5 DC Circuit Transients (on RC elements)
 Capacitor in ICs > MOSFET
 Charge/discharge FET capacitor.
Here we will shortly introduce the basic idea behind a capacitor. A more detailed analysis will follow in electrical engineering II.
A capacitor consists of two insulated conductors (electrodes) separated by an insulator (cf. Abbildung 1).
The electrodes serve as „charge carrier storage“. This is done in the following manner:
 An external source draws charge carriers from one of the electrodes and carries them to the other electrode.
 If the external source is a voltage source with the voltage $U$, a stationary state is reached after a certain time.
In this state there is a fixed number of $+Q$ on the positive electrode and $Q$ on the negative electrode.  These charges form an electric field in the space between the electrodes. This field stores the supplied energy.
As larger the voltage $U$, more charges $Q$ are stored on the electrode. This relationship is directly proportional to the proportionality constant $C$:
\begin{align*} C = {{Q}\over{U}} \quad \text{with:} \quad [C]=1 ~{\rm {As}\over{V}}= 1 ~{\rm F} = 1 ~\rm Farad \end{align*}
But it is not always directly recognizable that a structure contains a capacitor.
So the following examples are also capacitors:
 open switch: If there is a voltage between the two metal parts, charges can also accumulate there.
Since the distances are usually large and the air is used as the dielectric, the capacitance of the capacitor formed in this way is very small.  Overhead line: An overhead line also represents a capacitor against the ground potential of the earth. The charging and discharging by the alternating current leads to the fact that polarizable molecules can align themselves. For example, the water drops near the line are rolled through the field and hum with $100~\rm Hz$ and many times that (harmonics). Peak discharge results in a highfrequency crackle.
 Conductor trace: A trace on a PCB can also be a capacitor against a nearby ground plane. This can be a problem for digital signals (see the charge and discharge curves below).
 Human body: The human body can likewise pick up charge. The charge thus absorbed forms a capacitor with respect to other objects. This can be charged up to some $kV$. This is a particular problem in electrical laboratories, as the mere touching of components can destroy them.
 Membrane of nerve cells: Nerve cells also result in a capacitor due to the lipid bilayer (membrane of the nerve cell) and the two cellular fluids with different electrolytes (ions). The nerve cells are surrounded by a thick layer (myelin layer) for faster transmission. This lowers the capacitance and thus increases the successive charging of successive parts of the nerve cell. In diseases such as CreutzfeldtJakob or multiple sclerosis, this layer thins out. This leads to the delayed signal transmission which characterizes the disease patterns.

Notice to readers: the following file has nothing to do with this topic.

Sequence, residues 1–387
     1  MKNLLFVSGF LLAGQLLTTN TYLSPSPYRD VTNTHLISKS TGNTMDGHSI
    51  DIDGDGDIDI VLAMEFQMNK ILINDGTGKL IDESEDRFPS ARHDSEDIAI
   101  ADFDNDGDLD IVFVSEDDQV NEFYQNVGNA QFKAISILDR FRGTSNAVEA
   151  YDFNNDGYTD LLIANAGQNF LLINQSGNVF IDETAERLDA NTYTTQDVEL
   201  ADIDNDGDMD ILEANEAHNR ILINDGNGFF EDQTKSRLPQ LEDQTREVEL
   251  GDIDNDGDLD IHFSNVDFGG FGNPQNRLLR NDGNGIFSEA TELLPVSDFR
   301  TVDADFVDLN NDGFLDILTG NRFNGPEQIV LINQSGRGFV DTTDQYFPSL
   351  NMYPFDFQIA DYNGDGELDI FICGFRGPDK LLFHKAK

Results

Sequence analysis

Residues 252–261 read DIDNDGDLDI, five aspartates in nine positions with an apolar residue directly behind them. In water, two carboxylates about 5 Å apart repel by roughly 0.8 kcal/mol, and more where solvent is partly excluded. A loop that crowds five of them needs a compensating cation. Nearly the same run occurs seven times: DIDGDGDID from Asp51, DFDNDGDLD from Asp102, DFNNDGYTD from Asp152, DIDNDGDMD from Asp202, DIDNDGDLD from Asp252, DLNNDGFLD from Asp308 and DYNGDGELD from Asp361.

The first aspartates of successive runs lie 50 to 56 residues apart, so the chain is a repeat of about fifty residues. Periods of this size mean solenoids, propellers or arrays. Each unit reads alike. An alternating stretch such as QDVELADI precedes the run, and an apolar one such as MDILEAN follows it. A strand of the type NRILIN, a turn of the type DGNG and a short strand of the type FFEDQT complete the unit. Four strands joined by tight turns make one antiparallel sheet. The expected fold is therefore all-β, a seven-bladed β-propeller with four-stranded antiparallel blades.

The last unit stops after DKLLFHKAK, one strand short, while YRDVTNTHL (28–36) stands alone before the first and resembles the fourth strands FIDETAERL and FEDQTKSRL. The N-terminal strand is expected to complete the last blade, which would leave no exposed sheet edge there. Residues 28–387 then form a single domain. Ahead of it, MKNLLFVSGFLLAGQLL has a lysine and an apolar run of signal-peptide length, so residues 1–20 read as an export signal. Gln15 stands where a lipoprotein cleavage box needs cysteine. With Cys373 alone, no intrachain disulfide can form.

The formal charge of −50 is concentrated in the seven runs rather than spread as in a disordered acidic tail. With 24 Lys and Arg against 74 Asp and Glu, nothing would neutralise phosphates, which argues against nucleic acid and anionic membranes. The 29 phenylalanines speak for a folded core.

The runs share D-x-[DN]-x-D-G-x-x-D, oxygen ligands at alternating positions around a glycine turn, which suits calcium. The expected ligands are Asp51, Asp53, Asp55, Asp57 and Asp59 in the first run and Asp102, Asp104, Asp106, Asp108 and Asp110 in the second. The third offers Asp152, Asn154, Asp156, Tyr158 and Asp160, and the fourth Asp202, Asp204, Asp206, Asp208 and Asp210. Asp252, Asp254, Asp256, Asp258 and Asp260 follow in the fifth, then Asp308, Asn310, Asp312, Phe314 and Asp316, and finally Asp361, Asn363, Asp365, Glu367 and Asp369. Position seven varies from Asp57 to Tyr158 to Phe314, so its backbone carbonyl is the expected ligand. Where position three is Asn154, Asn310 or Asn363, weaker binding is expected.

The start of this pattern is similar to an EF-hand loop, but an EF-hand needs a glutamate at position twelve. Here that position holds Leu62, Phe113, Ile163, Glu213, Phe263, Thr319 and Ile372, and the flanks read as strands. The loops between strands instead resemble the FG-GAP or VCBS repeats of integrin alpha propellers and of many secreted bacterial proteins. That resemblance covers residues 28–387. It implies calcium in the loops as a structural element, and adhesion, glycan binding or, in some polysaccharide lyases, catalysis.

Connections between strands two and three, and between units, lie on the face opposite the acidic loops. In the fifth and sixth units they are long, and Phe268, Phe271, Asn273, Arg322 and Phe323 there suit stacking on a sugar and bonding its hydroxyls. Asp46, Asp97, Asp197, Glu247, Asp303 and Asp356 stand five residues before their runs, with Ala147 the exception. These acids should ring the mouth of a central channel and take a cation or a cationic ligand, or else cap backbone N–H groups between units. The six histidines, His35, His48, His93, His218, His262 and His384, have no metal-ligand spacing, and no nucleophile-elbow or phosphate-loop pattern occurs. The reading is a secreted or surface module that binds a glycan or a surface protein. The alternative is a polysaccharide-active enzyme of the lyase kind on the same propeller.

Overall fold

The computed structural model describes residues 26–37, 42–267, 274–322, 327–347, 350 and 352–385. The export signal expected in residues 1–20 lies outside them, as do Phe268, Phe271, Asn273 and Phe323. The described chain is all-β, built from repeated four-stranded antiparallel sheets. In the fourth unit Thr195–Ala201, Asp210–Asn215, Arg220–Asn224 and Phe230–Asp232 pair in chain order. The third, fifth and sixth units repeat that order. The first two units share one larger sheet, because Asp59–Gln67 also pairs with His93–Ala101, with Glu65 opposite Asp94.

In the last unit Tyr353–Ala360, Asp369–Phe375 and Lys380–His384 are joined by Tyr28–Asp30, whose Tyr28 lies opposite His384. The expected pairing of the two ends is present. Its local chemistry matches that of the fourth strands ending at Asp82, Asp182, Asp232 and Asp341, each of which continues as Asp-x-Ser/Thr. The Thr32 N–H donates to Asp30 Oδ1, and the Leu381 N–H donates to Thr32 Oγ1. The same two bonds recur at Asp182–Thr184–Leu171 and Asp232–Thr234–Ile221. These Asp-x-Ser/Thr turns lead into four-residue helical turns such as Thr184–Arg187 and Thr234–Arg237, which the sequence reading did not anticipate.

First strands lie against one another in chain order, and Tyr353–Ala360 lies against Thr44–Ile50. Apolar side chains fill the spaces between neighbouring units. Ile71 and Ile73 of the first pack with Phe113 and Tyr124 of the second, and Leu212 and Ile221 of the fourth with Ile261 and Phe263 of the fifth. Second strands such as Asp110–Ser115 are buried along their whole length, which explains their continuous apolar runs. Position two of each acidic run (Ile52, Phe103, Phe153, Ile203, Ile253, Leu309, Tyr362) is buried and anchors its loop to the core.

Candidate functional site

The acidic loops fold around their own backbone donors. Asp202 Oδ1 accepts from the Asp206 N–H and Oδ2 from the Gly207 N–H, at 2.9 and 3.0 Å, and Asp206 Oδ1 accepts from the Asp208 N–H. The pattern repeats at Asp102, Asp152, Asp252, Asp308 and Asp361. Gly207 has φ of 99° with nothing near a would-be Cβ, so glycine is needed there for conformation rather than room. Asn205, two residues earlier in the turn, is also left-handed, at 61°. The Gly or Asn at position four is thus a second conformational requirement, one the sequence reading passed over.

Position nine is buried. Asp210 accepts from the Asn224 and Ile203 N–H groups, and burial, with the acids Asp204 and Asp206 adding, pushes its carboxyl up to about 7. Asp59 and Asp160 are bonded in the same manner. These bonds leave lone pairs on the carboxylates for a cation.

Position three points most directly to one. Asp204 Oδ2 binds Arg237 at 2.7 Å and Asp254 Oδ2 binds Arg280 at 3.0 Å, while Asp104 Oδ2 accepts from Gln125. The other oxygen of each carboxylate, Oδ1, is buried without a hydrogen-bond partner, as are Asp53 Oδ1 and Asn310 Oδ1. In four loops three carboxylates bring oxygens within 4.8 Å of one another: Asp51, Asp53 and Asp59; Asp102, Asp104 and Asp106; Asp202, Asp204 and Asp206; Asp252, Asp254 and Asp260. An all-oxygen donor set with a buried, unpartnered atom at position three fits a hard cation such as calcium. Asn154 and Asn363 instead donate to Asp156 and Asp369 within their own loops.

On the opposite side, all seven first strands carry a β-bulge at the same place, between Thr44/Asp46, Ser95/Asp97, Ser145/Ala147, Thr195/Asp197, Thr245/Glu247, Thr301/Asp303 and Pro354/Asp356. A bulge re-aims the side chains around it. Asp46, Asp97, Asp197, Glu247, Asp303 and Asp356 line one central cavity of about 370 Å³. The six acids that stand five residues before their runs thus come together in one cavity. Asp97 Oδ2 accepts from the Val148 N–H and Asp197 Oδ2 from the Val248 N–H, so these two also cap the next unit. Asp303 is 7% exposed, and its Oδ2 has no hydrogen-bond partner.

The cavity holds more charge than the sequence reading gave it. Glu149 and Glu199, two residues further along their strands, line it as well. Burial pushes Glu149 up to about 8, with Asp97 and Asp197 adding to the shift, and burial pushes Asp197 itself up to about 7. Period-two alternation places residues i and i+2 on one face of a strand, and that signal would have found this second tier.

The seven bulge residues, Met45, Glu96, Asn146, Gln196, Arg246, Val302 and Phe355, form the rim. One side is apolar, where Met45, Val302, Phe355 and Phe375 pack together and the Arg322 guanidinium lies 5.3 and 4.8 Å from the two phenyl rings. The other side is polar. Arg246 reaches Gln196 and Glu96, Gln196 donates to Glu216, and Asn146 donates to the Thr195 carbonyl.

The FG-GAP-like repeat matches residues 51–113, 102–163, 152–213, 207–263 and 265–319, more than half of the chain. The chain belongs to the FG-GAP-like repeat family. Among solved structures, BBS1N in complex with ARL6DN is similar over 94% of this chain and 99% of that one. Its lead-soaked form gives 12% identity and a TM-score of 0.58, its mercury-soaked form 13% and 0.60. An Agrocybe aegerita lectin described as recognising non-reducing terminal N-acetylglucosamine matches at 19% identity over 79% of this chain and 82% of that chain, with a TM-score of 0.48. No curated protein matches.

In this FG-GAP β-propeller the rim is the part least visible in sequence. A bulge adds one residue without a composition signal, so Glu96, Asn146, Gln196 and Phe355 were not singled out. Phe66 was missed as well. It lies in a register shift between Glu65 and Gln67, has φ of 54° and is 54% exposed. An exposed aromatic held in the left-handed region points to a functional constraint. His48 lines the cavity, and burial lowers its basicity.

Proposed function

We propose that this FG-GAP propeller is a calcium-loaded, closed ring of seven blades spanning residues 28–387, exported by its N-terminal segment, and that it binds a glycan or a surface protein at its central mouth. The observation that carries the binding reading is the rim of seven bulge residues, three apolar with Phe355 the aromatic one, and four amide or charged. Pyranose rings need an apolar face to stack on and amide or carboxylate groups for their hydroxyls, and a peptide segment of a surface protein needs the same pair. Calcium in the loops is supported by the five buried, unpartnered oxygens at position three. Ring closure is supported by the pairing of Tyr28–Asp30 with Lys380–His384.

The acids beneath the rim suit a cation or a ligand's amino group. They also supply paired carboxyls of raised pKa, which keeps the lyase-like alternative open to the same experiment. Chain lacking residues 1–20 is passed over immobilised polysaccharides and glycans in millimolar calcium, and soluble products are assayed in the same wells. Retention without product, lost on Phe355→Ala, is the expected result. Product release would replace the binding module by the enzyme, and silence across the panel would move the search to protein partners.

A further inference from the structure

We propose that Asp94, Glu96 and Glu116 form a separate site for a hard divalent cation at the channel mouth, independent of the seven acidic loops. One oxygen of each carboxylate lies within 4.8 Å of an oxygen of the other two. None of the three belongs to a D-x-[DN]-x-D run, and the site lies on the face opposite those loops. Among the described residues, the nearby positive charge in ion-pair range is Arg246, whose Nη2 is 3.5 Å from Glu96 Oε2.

In the following, the charging process of a capacitor is to be considered in more detail. For this purpose, one has to realize, that during the charging of the capacitor, besides the voltage source $U_{\rm s}$ and the capacitor $C$, there is always a resistance $R$ in the circuit. This is composed of the internal resistance of the (nonideal) voltage source, the internal resistance of the capacitor, and the parasitic (=interfering) resistance of the line. In practical applications, it is often desired that capacitors charge in a certain time range. For this purpose, another real resistor is inserted into the circuit. The resulting series of resistors and capacitors is called an RC element. It resembles a voltage divider in which a resistor has been replaced by a capacitor.
To start the charging, an (ideal) switch $S$ is inserted. The circuit to be considered then looks like shown in Abbildung 2.
An ideal switch is characterized by:
 infinitely fast switching
 resistance of $0~\Omega$ in the closed state („short circuit“)
 resistance $\rightarrow \infty$ in the open state („open line“)
 no capacitive effect
 A timevarying voltage $u_C(t)$ across a capacitor or the voltage $U_{\rm s}$ of an ac voltage source as opposed to a constant voltage $U_{\rm s}$ across a constant voltage source.
 A timevarying current $i_L(t)$ across a coil or timevarying current $i_C(t)$ across a capacitor.
Since the time dependence is already clear from the lowercase letter, these quantities are occasionally not indicated by the trailing $(t)$. So it is $u = u(t)$.
5.1 Time Course of the Charging and Discharging Process
Learning Objectives
By the end of this section, you will be able to:
 know the time constant $\tau$ and in particularly calculate it.
 determine the time characteristic of the currents and voltages at the RC element for a given resistance and capacitance.
 know the continuity conditions of electrical quantities.
 know when (=according to which measure) the capacitor is considered to be fully charged/discharged, i.e. a steady state can be considered to have been reached.
In the simulation below you can see the circuit mentioned above in a slightly modified form: